[URBANTH-L]SF Chronicle: Hotel workers' lockout off for now

Debbie Boehm dboehm at ucsd.edu
Mon Nov 22 21:21:14 EST 2004

Hotel workers' lockout off for now
Employers, union OK 60-day cooling-off period; neighbors and merchants sure
to welcome quiet during busy holiday season

George Raine, Chronicle Staff Writer

Sunday, November 21, 2004

Thirty-eight raucous days of picket lines, tough talk and the angst of 4,300
San Francisco hotel workers locked out of their jobs with the holidays nigh
were put aside Saturday when negotiators for the hotels and the workers'
union agreed to a 60-day cooling-off period and ended, for now, the lockout.

It's only the completion of round one in a complex labor dispute, and
agreement has yet to be reached on the major issues that separate the
disparate sides. There could be more labor unrest in 60 days. Still, the
clangorous picket lines came down within a few hours of the announcement of
the accord, restoring relative peace downtown. Workers will be returning to
their jobs beginning with a shift Tuesday at 10 p.m. It can't happen sooner
because thousands of replacement workers must be transitioned out.

San Francisco Mayor Gavin Newsom announced the agreement in his office at 11
a.m., moments after negotiators for the employers and the workers union had
signed it.

"This is a good day in San Francisco, and it is a good day for San
Franciscans,'' Newsom said.

The lockout was hurting the city as well as the workers. Many luncheons and
other gatherings at the hotels were canceled because guests would not cross
picket lines. Among major cancellations was the American Anthropological
Association, which last month moved its meeting from the San Francisco
Hilton to Atlanta. Its 5,000-plus conferees would have spent $3,093,750 here
during their stay, by the calculation of the San Francisco Convention &
Visitors Bureau.

Linda Mjellem, executive director of the Union Square Association, said one
of her retail members, on the square for 17 years, had its worst October in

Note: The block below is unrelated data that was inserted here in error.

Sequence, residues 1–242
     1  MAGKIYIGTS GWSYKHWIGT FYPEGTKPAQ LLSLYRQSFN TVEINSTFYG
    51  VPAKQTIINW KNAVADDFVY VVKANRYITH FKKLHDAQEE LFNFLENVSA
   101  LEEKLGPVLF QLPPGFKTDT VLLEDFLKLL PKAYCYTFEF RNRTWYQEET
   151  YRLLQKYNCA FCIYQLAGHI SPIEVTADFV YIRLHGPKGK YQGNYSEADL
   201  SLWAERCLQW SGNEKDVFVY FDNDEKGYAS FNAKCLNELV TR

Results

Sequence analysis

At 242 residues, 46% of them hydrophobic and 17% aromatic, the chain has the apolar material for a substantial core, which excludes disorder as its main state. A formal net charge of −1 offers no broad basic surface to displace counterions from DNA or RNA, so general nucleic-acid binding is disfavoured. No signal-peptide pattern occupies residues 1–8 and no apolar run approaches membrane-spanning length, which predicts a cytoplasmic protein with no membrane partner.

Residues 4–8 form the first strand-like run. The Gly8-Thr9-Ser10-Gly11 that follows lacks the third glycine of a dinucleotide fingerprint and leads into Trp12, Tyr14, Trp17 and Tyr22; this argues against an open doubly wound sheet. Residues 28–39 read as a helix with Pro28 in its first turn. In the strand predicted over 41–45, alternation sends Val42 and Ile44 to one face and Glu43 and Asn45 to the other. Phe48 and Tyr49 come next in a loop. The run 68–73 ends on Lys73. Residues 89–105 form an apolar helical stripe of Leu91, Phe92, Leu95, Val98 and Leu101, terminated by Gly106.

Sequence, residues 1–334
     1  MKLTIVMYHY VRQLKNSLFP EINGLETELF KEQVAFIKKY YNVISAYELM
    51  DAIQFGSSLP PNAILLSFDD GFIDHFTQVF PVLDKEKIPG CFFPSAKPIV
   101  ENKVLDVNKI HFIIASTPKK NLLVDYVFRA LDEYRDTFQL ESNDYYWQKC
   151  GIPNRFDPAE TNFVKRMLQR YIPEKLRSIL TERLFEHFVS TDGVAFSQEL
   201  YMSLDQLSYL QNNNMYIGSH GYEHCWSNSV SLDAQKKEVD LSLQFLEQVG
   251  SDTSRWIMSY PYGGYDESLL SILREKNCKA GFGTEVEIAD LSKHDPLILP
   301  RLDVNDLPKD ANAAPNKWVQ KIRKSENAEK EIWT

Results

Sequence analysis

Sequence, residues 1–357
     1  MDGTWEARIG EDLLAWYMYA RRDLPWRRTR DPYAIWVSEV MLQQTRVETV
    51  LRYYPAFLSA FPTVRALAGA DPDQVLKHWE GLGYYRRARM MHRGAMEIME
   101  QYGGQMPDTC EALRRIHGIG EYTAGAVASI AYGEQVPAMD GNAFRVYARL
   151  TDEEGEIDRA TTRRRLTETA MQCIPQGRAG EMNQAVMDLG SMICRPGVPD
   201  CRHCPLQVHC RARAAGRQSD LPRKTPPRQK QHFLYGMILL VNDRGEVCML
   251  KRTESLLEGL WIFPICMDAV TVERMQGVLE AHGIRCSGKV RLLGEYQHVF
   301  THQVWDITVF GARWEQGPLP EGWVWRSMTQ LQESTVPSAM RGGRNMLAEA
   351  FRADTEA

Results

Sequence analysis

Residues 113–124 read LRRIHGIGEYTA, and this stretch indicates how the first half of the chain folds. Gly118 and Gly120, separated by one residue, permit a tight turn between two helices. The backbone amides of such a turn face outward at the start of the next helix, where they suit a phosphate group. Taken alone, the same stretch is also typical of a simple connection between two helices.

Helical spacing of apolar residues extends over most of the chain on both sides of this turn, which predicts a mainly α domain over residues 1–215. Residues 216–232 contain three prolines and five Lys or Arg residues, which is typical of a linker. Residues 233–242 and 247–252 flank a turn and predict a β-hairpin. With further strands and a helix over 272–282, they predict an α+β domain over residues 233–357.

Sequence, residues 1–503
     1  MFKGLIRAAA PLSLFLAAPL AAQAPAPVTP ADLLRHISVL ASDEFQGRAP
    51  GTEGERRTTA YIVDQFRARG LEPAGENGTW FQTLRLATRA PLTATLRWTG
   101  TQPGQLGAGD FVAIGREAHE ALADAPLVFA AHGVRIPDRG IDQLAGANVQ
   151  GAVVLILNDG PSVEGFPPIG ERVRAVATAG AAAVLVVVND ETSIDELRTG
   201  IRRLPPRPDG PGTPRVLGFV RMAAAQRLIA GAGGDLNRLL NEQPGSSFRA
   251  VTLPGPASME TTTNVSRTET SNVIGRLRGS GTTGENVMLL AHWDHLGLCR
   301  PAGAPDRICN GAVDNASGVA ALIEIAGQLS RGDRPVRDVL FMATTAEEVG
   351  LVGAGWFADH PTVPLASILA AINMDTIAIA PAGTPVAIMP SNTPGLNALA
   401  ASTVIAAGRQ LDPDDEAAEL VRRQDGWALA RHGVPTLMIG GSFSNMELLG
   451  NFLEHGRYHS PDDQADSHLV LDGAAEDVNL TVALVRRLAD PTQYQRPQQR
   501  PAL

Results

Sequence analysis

17 years. Another retailer was, year-over-year, 7 percent ahead of last year
prior to the labor dispute. In just four weeks' time, the owner has slipped
to 1 percent ahead.

In neighborhoods and downtown, neighbors said the noise of the picket lines
rang in their ears and made them miserable.

Unemployment, insurance covered

In accordance with the 60-day agreement, the union -- Unite Here Local 2 --
cannot strike, and the 14 San Francisco hotels involved cannot lock out
workers. Also, the employers agreed not to appeal a decision by the state
Employment Development Department that workers are eligible for unemployment
insurance, and a trust fund jointly managed by the employers and the union
will cover the workers' health care during the cooling-off period.

Earlier this week, three providers -- Kaiser Permanente, Chinese Community
Health Plan and PacifiCare -- said they would extend coverage to the 3,400
workers for two months. They acted after the employers had blocked an effort
by the union to withdraw $4.4 million from the trust fund shared by
management and the union. It was to provide coverage beginning Dec. 1 when,
lacking resolution, health benefits were scheduled to expire. The union
thanked the providers for their gesture, which now is not necessary.

The state's decisions regarding unemployment and health coverage were
critical elements in ending the lockout, but the president of Local 2, Mike
Casey, listed three others: the support of Newsom, in his tireless advocacy
of employees and in his disdain for the hotels' corporate management teams
that locked out workers with the holidays approaching; the loss of business
at the hotels; and union support in other cities.

"Ultimately, people made a business decision that this was no longer a smart
strategy on their part,'' Casey said. "That's what happened here.''